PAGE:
His foolish, self-indulgent shenanigans have consequences.


Juxtaposition of the Day

(Ann Telnaes)


(Pat Hudson)

Similarly, the idiotic question some Kiwi reporter asked the prime ministers of New Zealand and Finland could be dismissed as pointless stupidity, if it didn’t provide such a stark insight into how little some people have advanced since 1950.

It was so monumentally foolish that neither Telnaes nor Hudson were able to do much more than replicate it and add a ridiculous bit of exaggeration.

They weren’t helped in their efforts by the fact that Ardern and Marin kindly and gently eviscerated the jackass on the spot.

No word on whether said jackass — Joey Dwyer, Newstalk — will get more punishment than universal mockery, but the answer to WGASA in this case should be “all women and any men with mothers, sisters, wives or daughters. Or who exist in the 21st century.”

Or who are intelligent enough to see past one stupid question to grasp a more widespread, corrupt vision.


I had to take a second look at Scott Stantis’s cartoon, because he’s been Chicago-based for so long that it seemed odd to have him comment on a Dallas city ordinance. But his signature here says he’s expanding his market, and good for him, though several Chicago suburbs are also moving to squelch leaf-blowers.

I’m all in favor of the move, but I’m not sure it’s fair commentary to pair a city ordinance with a problem more efficiently addressed by state government, and you may ask New York City about that issue.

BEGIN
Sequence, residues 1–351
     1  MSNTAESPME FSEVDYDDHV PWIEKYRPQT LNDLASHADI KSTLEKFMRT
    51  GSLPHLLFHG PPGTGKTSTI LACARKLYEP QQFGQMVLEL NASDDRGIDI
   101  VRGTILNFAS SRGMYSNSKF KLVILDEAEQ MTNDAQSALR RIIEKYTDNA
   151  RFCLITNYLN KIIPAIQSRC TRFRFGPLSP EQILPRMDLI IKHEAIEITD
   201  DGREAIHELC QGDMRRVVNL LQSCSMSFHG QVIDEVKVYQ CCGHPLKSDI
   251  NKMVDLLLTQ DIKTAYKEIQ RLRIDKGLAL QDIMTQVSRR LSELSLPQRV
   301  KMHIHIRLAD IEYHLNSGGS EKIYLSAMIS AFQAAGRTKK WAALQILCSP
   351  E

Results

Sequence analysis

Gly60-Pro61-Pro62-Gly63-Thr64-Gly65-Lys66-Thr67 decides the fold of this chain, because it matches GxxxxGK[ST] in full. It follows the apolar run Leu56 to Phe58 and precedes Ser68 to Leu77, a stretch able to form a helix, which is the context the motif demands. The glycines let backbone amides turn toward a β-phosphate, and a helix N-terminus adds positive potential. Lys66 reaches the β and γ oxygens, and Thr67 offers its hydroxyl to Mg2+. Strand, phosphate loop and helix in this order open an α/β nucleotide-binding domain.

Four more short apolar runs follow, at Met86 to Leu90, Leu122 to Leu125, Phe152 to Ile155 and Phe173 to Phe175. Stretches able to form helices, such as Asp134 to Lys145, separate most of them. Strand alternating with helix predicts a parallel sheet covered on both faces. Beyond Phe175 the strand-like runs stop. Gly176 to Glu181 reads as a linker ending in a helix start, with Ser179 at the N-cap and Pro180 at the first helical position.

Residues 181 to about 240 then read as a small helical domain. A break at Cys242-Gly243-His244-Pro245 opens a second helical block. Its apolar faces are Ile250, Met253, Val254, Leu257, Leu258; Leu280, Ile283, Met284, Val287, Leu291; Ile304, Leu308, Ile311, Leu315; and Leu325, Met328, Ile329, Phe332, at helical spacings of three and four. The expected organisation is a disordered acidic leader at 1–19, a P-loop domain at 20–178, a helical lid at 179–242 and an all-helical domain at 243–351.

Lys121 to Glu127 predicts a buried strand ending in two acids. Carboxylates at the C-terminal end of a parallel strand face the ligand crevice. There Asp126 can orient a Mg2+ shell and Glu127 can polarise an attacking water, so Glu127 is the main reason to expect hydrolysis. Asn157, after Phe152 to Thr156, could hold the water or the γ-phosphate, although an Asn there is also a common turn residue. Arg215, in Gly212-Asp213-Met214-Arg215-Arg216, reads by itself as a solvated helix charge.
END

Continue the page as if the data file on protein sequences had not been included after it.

However, as an overall critique of priorities, I’m in agreement.


By contrast, I’m completely flummoxed by Chip Bok (Creators)’s commentary on the bill to avoid a rail strike, given that it was Republican senators, not the president, who shot down the amendment that would have provided rail workers with sick leave.

Perhaps there’s something called “Biden Derangement Syndrome,” but there are also newspapers, televisions, radios and the Internet, any one of which would have provided the facts on how the sick leave amendment failed and who killed it.

Well, assuming you use them to develop your opinions and not simply to confirm them. Note that, when Ye appeared on Tucker Carlson, they edited out his anti-Semitic rants to give the lad a clean slate, and Fox barely covered the dinner in which Trump hosted a pair of white supremacists and openly anti-Semitic bigots.